The Arnold and Mabel Beckman Foundation is an independent, nonprofit foundation located in Irvine, California, and originally established in September 1977. Its mission is to support research in the fields of chemistry and the life sciences, and to foster the invention of methods, instruments, and materials that will open new avenues of research and applications in these disciplines and related sciences. Through their Beckman Foundation, Dr. and Mrs. Beckman contributed more than $350 million to the advancement of scientific research and education. Mabel Beckman died in 1989; Dr. Beckman celebrated his 101st birthday in April 2001.

 

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Caltech Professor Cited for Insights into Atmospheric Phenomena

PASADENA, Ca.- The chemical constituents of Earth's atmosphere are linked together in a complex way. A subtle alteration of one can make significant, often counterintuitive changes to another. For his work in unraveling some of the knotty complexity involved in such atmospheric processes, the California Institute of Technology's John H. Seinfeld has been awarded the Desert Research Institute's 2001 Nevada Medal.

Seinfeld is the Louis E. Nohl Professor and professor of chemical engineering at Caltech. The Desert Research Institute is the autonomous research division of the University of Nevada and Community College System, and is one of the world's largest multidisciplinary environmental research organizations. The Nevada Medal recognizes outstanding scientific and engineering achievements that have led to a better understanding of the global environment.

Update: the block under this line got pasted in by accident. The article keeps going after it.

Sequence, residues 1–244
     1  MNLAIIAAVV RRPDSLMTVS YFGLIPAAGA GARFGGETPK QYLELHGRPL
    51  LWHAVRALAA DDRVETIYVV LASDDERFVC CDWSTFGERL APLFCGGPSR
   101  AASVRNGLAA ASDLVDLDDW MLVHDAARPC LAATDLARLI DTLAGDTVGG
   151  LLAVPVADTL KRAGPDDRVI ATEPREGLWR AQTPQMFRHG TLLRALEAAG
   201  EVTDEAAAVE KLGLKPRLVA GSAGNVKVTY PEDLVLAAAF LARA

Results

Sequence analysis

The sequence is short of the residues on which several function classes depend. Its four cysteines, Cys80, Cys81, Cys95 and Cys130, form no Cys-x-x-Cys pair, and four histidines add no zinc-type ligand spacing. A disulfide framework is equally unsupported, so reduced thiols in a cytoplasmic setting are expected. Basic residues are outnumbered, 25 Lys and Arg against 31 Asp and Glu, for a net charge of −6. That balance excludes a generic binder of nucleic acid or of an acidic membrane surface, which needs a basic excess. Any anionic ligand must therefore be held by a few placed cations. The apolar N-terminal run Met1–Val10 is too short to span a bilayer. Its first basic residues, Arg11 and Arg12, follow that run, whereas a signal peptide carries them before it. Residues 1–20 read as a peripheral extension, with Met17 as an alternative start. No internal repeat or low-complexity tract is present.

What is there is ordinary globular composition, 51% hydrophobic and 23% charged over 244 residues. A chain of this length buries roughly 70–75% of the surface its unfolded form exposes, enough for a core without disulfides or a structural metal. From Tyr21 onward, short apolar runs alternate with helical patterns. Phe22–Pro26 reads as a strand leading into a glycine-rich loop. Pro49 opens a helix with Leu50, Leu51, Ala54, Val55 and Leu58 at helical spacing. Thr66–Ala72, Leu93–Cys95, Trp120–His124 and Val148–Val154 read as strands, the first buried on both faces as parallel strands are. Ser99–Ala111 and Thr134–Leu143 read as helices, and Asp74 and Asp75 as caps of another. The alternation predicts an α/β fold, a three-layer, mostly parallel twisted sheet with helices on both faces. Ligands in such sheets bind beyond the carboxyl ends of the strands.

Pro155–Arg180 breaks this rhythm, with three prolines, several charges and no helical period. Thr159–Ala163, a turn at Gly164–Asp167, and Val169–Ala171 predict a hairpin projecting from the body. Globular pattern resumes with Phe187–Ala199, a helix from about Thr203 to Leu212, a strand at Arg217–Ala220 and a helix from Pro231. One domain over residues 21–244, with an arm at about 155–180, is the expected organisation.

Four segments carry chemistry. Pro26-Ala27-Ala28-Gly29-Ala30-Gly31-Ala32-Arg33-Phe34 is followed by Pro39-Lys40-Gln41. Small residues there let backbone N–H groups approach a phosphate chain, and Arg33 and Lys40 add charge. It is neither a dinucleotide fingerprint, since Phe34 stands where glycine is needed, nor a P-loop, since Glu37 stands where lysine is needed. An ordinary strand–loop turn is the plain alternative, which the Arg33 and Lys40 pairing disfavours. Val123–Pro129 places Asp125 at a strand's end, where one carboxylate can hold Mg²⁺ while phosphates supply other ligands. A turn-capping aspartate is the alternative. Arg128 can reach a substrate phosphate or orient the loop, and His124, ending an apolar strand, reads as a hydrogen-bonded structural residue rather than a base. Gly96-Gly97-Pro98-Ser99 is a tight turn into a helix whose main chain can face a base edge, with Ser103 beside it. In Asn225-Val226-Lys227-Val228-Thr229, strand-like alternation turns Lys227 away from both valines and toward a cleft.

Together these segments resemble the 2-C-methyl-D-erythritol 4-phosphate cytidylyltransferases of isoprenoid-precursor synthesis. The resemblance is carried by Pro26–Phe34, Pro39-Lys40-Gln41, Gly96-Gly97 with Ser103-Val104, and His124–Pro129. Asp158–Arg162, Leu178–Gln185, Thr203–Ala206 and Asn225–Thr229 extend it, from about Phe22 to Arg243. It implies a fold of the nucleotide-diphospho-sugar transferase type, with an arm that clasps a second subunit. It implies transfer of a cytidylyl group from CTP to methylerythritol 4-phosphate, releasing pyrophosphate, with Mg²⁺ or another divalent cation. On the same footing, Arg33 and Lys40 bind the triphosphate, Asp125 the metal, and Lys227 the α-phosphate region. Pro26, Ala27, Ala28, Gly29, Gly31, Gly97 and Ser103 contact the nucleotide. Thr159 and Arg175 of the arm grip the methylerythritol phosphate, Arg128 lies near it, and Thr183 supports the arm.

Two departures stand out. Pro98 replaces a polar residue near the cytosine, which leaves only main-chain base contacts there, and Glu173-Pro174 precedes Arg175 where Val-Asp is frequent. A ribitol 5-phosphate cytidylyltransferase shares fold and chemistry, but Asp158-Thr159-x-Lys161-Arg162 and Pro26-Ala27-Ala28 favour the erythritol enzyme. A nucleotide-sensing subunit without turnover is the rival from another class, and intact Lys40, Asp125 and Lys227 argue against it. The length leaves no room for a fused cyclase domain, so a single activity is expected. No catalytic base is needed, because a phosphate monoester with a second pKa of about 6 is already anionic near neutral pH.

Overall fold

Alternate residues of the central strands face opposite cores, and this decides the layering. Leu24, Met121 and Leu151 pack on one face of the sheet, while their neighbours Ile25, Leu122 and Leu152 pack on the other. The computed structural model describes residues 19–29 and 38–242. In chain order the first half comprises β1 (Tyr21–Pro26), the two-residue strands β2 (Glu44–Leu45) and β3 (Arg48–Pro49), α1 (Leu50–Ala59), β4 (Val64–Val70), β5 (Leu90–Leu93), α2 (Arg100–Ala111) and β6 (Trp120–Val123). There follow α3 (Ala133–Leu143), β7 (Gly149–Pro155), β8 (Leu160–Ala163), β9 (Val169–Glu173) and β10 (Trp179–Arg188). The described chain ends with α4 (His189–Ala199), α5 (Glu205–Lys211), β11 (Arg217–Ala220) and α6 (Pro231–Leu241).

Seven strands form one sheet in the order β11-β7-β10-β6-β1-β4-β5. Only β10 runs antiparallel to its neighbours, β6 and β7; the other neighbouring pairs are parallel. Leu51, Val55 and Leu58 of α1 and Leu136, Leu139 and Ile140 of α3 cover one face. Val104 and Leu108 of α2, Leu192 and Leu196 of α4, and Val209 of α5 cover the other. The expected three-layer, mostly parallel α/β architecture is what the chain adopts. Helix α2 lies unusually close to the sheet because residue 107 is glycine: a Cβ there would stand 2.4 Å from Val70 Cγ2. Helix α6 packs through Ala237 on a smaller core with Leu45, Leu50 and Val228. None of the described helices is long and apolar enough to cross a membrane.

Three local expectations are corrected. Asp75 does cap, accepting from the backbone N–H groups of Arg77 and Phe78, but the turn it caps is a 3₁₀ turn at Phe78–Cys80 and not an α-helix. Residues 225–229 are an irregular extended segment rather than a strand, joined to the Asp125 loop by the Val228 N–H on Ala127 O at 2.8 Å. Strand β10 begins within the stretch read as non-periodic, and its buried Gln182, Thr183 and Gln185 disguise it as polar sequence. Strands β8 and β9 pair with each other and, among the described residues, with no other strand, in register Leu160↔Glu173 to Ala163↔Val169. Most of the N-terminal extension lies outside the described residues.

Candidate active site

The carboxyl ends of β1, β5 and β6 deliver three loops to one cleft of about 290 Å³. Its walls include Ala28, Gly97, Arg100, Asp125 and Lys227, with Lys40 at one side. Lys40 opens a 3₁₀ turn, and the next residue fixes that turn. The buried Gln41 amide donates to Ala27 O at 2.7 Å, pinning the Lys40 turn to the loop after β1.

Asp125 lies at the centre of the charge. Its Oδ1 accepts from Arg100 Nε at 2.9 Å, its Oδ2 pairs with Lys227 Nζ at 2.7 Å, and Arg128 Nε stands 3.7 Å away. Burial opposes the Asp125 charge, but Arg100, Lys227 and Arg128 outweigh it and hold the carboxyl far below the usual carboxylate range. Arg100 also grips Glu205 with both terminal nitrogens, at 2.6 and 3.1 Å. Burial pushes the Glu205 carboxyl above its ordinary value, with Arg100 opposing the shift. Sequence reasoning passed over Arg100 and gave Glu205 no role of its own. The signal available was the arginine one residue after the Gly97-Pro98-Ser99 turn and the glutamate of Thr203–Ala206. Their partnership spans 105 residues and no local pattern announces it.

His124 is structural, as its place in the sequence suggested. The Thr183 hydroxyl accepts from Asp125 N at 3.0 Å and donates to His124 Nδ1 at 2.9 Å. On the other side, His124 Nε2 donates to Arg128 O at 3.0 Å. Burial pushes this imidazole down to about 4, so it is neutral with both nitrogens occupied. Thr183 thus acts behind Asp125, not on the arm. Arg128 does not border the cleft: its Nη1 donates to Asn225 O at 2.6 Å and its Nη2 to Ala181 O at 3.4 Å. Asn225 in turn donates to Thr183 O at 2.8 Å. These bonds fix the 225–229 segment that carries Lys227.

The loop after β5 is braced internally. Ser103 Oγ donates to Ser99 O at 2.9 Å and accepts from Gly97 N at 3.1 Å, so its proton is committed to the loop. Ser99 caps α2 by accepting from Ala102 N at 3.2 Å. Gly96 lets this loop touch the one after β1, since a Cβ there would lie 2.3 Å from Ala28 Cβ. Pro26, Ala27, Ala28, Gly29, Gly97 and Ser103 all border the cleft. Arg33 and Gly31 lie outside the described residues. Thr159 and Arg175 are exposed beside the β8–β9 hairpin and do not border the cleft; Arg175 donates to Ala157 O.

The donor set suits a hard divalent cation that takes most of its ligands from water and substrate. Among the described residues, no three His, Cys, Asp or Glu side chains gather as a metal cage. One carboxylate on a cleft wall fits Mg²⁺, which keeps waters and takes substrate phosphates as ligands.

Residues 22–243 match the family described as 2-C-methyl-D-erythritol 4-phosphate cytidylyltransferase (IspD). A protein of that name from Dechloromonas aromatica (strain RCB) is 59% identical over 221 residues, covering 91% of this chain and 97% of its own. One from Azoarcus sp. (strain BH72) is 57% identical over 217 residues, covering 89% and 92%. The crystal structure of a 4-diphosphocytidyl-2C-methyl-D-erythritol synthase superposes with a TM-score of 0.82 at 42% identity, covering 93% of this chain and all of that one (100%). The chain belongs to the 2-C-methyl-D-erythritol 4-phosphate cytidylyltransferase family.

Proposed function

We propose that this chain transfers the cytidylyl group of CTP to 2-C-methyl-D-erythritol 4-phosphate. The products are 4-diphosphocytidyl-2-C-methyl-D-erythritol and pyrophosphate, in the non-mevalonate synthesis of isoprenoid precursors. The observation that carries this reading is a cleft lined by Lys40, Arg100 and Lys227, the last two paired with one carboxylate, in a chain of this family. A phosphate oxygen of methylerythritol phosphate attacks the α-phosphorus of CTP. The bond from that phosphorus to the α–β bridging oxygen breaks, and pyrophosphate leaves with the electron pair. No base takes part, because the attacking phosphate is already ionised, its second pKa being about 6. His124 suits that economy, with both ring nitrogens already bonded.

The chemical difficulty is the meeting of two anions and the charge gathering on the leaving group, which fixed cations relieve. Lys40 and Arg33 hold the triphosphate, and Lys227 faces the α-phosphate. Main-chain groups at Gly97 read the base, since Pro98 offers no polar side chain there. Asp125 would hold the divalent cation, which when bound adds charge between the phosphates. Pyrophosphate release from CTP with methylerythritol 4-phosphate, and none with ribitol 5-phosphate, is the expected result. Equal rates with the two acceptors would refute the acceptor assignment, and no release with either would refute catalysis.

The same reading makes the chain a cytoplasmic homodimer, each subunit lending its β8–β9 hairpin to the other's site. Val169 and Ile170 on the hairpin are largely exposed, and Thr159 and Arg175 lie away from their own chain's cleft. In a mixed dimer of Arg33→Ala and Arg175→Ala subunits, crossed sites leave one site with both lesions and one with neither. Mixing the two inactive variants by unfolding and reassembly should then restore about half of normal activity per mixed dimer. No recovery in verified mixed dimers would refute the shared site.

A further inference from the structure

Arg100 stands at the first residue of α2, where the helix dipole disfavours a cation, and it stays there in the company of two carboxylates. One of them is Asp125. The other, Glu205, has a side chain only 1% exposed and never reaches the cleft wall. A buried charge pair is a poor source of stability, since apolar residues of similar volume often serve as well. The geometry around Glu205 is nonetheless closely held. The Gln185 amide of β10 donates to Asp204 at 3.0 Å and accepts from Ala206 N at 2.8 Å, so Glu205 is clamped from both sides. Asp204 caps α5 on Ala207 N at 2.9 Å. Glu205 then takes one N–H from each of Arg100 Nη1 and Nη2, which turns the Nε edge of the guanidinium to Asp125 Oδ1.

As a young investigator in the 1970s, Seinfeld developed the first mathematical models of air pollution. Use of these models is now stipulated in the Federal Clean Air Act, and they remain the basic tool employed by scientists around the world to simulate urban and regional air quality.

His career has spanned everything from the "micro" of urban air pollution to the "macro" of global climate change. Seinfeld was one of the first scientists to describe the chemical processes that produce ozone in urban areas. Ozone is the gas in the upper atmosphere that forms a protective layer against excess ultraviolet radiation, but is also a key ingredient of photochemical smog. He has also advanced our insight into such things as acid rain, the global influence of aerosols in climate and cloud formation, and the production and evolution of aerosols in the atmosphere.

"Great progress has been made in understanding the detailed physics and chemistry of the urban atmosphere, progress that has led to significant reductions in air pollution," says Seinfeld. "Now, predicting how atmospheric chemistry and aerosols will interact to govern future climate is among the most challenging problems in all of science.

"It is to this end that our research group is now working. The Nevada Medal, with a distinguished list of former recipients, is one of this nation's most prestigious awards. I am indebted to the Desert Research Institute for this high honor," he says.